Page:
Oxygen plays a key role in the evolution of wine chemistry, within the non-volatile matrix. Polyphenol composition and structure, as well as the process of tannin polymerisation are directly impacted by oxidation, and this can occur during both fermentation and ageing. Polyphenols play an important role in red wine and exhibit a wide diversity in their structure and properties. They are responsible for wine colour, texture and taste (astringency, bitterness) and exhibit some health properties. The principal class of non-flavonoid polyphenolic compounds are the phenolic acids and stilbenes. Among the flavonoids, anthocyanins and tannins are the major structural classes. The aim of this study was to characterise the detailed response of wine polyphenolic structure and composition to an oxygen treatment applied during fermentation. A specific focus was to determine the interaction of discrete polyphenolic classes with poly-L-proline (PLP). A control Shiraz wine was prepared under reductive conditions during fermentation, in triplicate. To the same grape source, an aeration treatment was initiated on day 3 following a 1.8 °Bé decrease for 48 h at 5 L/min, also in triplicate. After a 12-month ageing period, wines were fractionated where: F1 = Phenolic acids, F2 = flavan-3-ol monomers, F3 = flavan-3-ol oligomers, F4 = anthocyanins, pyranoanthocyanins; and F5 = polymeric proanthocyanidins, pigmented proanthocyanins and other derived complexes. The composition of fractions F1 to F4 was verified by LC-MS, and F5 was characterised by a combination of analytical techniques specific to proanthocyanidins. The interaction between the polyphenol fractions and PLP was measured by isothermal titration calorimetry (ITC). A strong binding interaction was observed between F1, the phenolic acids, and PLP by ITC, and was not affected by the oxygen treatment. In fact, a strong hydrophobic interaction and hydrogen bonding was implicated in the interaction. It was found that for fractions F2 and F3, no binding events with PLP were observed by ITC, irrespective of the oxygen level applied. Stronger binding events with PLP were observed for the F4 and F5 polyphenolic fractions, but interestingly, only in those prepared from wines which had oxygen treatment. Moreover, hydrophobic interaction and hydrogen bonding was detected just for the oxygen treatment for F4 and F5. Contrary to expectation, no binding with PLP could be detected for F4 and F5 from the control wine. Further investigation of the properties of the fractions was conducted to account for the differences observed, including their composition, hydrophobicity and aggregation. This presentation will provide new insights into the potential role of discrete polyphenolic classes in driving in-mouth sensory properties, like astringency, which might be elicited following binding with proline-rich salivary proteins.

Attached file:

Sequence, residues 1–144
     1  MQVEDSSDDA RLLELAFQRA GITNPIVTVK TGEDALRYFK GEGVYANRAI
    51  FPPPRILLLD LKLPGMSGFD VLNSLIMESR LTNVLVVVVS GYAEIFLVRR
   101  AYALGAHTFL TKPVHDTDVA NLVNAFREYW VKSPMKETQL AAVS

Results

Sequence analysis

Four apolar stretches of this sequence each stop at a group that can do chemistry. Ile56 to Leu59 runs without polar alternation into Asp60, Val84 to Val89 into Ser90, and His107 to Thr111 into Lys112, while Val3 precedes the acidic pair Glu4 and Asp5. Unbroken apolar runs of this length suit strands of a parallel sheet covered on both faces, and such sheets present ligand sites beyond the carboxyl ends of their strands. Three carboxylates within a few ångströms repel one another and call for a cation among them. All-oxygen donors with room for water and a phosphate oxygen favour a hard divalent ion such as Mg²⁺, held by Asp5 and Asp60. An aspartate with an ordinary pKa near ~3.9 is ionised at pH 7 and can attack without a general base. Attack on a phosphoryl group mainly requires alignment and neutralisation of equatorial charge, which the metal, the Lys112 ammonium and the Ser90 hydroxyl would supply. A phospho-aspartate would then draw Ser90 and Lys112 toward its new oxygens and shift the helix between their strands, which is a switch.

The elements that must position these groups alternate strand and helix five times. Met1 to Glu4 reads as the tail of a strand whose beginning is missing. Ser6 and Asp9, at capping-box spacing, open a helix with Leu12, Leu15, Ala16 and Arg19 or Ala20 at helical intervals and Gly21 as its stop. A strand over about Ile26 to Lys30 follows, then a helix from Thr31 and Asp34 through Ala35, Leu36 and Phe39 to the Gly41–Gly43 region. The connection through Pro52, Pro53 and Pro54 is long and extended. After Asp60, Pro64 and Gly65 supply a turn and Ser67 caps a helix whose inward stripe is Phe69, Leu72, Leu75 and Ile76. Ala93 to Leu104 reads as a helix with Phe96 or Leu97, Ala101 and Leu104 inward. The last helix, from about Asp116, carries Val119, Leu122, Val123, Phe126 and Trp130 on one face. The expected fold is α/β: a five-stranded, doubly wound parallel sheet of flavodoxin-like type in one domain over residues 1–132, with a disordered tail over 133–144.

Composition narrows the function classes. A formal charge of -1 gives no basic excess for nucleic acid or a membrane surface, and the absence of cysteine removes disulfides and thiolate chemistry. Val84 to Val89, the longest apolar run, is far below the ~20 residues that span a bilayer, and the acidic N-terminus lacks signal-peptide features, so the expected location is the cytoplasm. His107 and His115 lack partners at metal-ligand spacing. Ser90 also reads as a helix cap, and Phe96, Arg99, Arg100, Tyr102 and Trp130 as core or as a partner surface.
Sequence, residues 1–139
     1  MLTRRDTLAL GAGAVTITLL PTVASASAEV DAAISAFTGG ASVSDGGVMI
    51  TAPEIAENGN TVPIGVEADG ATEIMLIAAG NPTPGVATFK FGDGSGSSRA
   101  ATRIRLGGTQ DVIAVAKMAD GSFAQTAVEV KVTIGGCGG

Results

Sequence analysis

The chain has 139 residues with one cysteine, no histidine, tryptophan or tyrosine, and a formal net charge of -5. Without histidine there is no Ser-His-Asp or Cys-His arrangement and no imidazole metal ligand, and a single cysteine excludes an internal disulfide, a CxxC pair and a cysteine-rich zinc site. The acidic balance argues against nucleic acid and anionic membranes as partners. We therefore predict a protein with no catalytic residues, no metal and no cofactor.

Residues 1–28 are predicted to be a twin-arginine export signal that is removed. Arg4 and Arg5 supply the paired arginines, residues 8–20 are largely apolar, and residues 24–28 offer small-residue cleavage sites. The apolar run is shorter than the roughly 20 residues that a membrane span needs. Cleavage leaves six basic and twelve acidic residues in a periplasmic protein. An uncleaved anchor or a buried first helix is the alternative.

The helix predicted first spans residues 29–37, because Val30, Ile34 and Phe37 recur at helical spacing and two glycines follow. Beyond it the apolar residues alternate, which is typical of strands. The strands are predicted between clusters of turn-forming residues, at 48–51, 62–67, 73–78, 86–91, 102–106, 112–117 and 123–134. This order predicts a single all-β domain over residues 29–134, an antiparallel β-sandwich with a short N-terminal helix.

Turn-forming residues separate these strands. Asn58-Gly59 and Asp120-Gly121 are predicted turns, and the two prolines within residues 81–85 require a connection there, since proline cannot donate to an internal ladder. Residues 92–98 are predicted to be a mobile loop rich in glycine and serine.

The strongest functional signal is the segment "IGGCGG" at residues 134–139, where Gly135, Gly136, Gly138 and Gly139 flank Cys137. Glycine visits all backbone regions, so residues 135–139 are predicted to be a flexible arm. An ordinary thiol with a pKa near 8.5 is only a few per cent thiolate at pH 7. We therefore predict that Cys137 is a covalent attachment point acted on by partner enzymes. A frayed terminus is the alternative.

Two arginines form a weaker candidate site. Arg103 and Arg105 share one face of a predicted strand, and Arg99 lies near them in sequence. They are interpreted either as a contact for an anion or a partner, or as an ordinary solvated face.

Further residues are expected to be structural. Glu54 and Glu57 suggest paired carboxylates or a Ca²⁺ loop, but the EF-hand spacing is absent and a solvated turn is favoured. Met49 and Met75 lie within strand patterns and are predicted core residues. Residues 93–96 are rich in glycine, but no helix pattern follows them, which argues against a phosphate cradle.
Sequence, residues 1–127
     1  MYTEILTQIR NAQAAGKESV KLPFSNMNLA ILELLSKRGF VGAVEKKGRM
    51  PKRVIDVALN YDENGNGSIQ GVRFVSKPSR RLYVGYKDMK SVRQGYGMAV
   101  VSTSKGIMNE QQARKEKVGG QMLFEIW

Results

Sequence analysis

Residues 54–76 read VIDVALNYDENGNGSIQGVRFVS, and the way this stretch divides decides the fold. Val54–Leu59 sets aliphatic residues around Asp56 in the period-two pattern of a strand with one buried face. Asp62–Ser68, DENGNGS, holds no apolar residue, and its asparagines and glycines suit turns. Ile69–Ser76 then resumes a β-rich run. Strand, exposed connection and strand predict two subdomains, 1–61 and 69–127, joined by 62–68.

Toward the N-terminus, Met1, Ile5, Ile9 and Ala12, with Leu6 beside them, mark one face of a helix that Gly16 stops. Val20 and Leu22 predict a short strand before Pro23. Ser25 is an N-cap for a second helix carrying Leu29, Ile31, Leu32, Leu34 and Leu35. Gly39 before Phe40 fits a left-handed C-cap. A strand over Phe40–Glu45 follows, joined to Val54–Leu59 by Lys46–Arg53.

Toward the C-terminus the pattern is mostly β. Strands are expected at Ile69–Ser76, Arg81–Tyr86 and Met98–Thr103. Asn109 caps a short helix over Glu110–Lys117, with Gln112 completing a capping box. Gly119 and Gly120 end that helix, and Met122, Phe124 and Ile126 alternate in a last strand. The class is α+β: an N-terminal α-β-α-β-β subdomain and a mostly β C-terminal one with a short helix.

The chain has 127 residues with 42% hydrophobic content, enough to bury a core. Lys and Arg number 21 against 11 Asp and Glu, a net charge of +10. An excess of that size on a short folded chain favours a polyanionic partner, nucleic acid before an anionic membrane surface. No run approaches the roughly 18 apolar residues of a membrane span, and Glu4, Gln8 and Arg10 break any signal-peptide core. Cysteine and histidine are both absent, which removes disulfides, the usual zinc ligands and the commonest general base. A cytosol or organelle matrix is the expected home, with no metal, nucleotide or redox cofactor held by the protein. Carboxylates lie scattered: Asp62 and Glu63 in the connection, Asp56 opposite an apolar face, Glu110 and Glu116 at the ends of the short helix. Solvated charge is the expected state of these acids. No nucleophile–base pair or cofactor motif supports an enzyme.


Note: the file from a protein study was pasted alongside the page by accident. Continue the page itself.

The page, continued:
Authors: Jouin Alicia1, Falconer Robert J.2, Waterlot Aude3, Day Martin1, Schmidt Simon1 and Bindon Keren1
1The Australian Wine Research Institute, PO Box 197, Glen Osmond, South Australia, 5064, Australia
2Department of Chemical Engineering and Advanced Materials, University of Adelaide, Adelaide, SA, 5005, Australia
3Department of Food Science and Human Nutrition, Courtesy Faculty, Horticulture, Iowa State University, 2567 Food Sciences Building, 536 Farm House Lane, Ames, IA 50011, USA
*corresponding author: email@example.com
keywords: Tannins, Anthocyanins, Oxygen, Isothermal Titration Calorimetry, Astringency